not of the faculty itself, but of its free action. It consists in a violation of
moral law. Depravity of the will, as a faculty, is, or would be, physical, and not
moral depravity. It would be depravity of substance, and not of free, responsible
choice. Moral depravity is depravity of choice. It is a choice at variance with moral
law, moral right. It is synonymous with sin or sinfulness. It is moral depravity,
because it consists in a violation of moral law, and because it has moral character."
Systematic Theology (LECTURE XXXVIII).
- Human Reason: "the intuitive faculty or function of the intellect...
it is the faculty that intuits moral relations and affirms moral obligation to act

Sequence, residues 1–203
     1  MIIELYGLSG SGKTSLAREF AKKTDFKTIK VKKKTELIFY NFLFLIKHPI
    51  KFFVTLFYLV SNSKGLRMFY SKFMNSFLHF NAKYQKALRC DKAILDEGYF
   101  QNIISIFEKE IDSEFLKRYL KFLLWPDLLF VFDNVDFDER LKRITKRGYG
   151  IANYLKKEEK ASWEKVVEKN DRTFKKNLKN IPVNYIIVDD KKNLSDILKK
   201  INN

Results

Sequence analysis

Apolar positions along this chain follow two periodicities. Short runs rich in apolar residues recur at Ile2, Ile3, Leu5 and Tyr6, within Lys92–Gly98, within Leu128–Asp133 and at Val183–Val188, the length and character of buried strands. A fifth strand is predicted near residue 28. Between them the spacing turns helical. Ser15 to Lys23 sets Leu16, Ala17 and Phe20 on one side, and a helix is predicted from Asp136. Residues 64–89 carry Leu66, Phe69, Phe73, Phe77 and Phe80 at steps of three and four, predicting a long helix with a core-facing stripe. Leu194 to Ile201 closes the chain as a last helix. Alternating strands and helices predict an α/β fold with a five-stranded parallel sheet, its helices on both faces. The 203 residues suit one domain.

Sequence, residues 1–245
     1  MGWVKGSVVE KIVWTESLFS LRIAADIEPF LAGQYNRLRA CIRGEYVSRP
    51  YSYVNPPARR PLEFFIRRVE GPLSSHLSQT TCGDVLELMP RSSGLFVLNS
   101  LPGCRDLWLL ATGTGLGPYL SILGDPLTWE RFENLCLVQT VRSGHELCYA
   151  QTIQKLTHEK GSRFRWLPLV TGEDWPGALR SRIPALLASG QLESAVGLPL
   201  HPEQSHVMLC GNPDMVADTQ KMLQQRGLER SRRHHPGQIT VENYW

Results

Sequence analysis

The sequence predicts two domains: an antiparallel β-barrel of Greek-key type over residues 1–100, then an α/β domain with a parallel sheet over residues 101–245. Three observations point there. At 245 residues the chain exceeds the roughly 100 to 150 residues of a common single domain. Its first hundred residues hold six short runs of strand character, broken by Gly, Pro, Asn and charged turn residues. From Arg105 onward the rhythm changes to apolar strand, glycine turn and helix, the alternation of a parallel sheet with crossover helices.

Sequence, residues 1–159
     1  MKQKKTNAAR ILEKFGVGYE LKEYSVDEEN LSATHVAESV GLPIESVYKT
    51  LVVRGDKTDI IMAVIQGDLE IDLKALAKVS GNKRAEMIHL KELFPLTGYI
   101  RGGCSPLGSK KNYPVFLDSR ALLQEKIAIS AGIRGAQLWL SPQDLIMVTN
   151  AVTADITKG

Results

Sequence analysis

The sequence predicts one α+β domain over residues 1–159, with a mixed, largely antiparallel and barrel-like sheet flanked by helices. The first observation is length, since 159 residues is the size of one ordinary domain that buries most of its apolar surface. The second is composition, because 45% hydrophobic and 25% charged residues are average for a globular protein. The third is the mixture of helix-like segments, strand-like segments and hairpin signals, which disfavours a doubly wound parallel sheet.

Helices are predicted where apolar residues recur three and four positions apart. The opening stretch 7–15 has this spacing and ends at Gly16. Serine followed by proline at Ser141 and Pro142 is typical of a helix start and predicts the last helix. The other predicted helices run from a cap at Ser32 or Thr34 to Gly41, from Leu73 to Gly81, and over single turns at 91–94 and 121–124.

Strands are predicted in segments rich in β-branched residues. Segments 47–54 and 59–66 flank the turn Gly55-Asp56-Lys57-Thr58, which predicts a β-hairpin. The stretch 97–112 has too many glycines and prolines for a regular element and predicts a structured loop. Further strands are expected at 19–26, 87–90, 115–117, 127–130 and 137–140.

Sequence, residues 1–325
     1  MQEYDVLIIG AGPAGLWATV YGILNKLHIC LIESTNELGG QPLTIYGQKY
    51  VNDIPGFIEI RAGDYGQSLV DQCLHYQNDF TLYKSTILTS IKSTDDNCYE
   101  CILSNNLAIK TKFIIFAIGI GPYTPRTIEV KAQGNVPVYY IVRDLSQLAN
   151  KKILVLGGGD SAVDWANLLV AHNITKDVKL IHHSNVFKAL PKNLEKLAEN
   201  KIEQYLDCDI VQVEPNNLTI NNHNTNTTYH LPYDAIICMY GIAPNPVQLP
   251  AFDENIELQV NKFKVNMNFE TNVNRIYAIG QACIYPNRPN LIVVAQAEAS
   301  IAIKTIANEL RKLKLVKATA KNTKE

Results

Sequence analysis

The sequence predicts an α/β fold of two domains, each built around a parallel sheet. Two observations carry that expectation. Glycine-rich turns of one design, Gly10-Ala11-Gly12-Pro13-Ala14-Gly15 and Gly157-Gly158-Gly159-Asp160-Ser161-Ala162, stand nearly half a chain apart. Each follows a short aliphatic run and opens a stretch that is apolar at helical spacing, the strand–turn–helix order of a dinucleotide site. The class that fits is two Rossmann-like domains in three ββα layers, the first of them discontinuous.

in conformity with perceived moral relations." Systematic Theology (LECTURE
- Retributive Justice: "Retributive justice consists in treating every
subject of government according to his character. It respects the intrinsic merit
or demerit of each individual, and deals with him accordingly." Systematic
Theology (LECTURE XXXIV).
- Total Depravity: "Moral depravity of the unregenerate is without
any mixture of moral goodness or virtue, that while they remain unregenerate, they
never in any instance, nor in any degree, exercise true love to God and to man."
Systematic Theology (LECTURE XXXVIII).
- Unbelief: "the soul's withholding confidence from truth and the God
of truth. The heart's rejection of evidence, and refusal to be influenced by it.
The will in the attitude of opposition to truth perceived, or evidence presented."
Systematic Theology (LECTURE LV).
RELATED STUDY AID:
Index for "The
Oberlin Evangelist": Finney:
Voices of Philadelphia